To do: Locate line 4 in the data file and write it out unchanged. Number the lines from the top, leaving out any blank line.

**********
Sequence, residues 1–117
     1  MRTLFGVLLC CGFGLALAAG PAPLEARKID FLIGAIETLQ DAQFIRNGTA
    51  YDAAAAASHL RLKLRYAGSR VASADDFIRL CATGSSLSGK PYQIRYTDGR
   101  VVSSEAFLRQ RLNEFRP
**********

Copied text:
   101  VVSSEAFLRQ RLNEFRP